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What do you do, Ellie?

Ellie is a senior staff nurse
Colourful question marks drawn by a child

""May 2023

What do you do?

My current role is senior staff nurse on Beach ward short stay surgery. Once the new children’s day surgery unit opens, I will be moving over there to be a clinical nurse manager.

Why did you decide to become a nurse?

My mum was a nurse at St Thomas' Hospital, so it was always in the back of my mind and I have always enjoyed working with children. I qualified from London Southbank University with a postgraduate diploma in children’s nursing in 2018, having previously completed a BSc in childhood studies at the University of Bristol.

What are you passionate about?

I am passionate about making sure that if a child has to be in hospital that they have the best experience possible. Day surgery has really become a passion for me, as coming into hospital for a procedure is often very daunting and scary for children, especially if they haven't been in hospital before or if they have had previous traumatic experiences. This applies to the parents as well, and making sure that they have the best time possible is important to me.

I have developed a real interest in improving patient experience. I’ve been helping to plan how the new unit can run as smoothly and efficiently as possible. We have tested this on Beach ward before we try out pathways in the new unit, and have had some brilliant feedback from families so I am really excited for us to open!

What are you working on at the moment?

I have recently been awarded a scholarship to work on a project for the new children’s day surgery unit. The aim is to reduce anxiety around procedures and coming into hospital, by giving access to virtual reality tours of the unit from home, to help them familiarise themselves with the environment before they come in.

What are your proudest moments?

I am particularly proud of the implementation of a new discharge pathway on Beach ward. This reduces the time patients have to spend on the ward when it is not clinically necessary, which benefits both the family and the unit. I took ownership of this project as part of my leadership and management course and learnt so much as it involved collecting feedback, trialling new ways of working and analysing data. The new pathway is now standard practice on Beach ward, and a number of other wards have approached me with the hope of implementing the process in their areas, and it will also be how we operate in the new children’s day surgery unit!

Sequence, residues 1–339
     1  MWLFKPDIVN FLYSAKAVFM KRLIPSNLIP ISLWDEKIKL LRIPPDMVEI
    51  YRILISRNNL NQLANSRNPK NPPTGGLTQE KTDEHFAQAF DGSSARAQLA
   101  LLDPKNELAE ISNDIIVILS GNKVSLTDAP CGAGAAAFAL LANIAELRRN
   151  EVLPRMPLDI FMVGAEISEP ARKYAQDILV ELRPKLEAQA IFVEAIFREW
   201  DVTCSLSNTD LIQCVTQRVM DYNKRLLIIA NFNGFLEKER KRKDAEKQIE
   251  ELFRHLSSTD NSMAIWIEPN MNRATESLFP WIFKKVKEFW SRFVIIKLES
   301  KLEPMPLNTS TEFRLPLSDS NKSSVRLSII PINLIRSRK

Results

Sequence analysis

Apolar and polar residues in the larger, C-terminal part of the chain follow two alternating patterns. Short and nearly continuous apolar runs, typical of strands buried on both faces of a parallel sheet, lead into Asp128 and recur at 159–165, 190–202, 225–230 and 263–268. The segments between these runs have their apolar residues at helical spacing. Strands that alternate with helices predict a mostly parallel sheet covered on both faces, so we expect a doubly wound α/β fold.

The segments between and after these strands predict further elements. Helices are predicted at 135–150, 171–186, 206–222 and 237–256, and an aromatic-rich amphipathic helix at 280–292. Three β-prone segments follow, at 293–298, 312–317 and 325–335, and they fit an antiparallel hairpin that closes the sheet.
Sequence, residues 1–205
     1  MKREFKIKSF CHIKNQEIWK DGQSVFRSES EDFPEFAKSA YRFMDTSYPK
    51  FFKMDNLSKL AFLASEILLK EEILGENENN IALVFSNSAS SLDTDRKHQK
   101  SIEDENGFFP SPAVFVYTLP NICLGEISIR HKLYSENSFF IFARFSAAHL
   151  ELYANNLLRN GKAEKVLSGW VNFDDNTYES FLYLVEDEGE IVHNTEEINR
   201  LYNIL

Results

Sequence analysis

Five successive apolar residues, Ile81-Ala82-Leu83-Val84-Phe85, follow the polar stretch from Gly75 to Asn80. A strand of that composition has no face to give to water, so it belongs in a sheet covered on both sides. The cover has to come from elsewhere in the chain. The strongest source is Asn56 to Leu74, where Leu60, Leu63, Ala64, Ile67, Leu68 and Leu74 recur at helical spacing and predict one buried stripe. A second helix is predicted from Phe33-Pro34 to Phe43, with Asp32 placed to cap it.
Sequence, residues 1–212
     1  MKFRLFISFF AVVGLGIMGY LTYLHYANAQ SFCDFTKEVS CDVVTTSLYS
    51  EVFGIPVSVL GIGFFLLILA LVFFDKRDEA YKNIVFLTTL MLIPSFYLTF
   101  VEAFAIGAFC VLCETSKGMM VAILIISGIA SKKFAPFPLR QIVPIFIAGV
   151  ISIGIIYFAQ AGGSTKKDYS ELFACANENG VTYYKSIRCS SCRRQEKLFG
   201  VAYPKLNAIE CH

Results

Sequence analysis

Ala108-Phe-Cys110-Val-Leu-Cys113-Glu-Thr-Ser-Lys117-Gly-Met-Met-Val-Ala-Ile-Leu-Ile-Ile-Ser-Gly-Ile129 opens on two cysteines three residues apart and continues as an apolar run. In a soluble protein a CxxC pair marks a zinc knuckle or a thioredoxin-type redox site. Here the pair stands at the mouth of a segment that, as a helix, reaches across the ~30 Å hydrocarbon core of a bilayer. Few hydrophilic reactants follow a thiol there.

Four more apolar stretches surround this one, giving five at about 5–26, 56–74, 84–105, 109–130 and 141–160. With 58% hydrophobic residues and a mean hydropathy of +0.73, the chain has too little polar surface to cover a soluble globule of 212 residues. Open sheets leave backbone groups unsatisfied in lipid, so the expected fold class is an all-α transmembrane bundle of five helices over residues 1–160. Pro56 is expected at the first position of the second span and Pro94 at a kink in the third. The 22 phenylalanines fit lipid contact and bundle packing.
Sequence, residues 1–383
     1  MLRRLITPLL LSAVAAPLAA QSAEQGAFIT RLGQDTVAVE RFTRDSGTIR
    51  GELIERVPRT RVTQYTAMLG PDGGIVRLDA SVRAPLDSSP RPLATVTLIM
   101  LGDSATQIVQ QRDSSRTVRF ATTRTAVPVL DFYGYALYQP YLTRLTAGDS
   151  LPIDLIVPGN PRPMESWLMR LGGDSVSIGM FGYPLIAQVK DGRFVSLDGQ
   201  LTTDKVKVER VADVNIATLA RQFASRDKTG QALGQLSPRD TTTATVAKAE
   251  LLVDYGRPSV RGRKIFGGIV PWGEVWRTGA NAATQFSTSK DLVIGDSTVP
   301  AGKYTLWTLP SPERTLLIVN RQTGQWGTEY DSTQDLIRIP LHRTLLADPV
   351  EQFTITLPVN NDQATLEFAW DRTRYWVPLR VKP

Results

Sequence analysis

I was also really proud to be awarded the scholarship. It’s a brilliant opportunity to support my career development and is unique to Evelina London in that I can focus on what I am passionate about, learn on the job and be supported with qualifications and travel to do this!

What has surprised you about your career so far?

I surprised myself by actually enjoying the data collection side of my project! Completing audits has always sounded like a boring and tedious task but when you can see actual positive results from a project that you have worked really hard on, it feels like much more of an achievement. The data showed high levels of patient,family and staff satisfaction, which is great when trying to encourage or introduce other units to this way of working. 

What’s next for you?

As part of my scholarship, I received funding to attend an international conference about the use of virtual reality in medicine, which I attended last month. I learnt so much about using VR to manage pain, reduce anxiety and its role in paediatric care, so I can’t wait to apply this to my work in the new children’s day surgery unit. My new role will involve the day to day running of the unit, managing and motivating the team and continually looking for different and new ways of working to improve the service and patient experience.

What would you say to someone considering a career in nursing?

I would say go for it, if you are passionate about caring for people and improving their lives then it is a great career to have. The people you work with become really close friends, and I love that you also meet people from all walks of life and learn new things every day. The gratitude that patients and their families have towards you, even if you feel like you have done something really minor, is one of the best things about the job.

Colourful question marks drawn by a child

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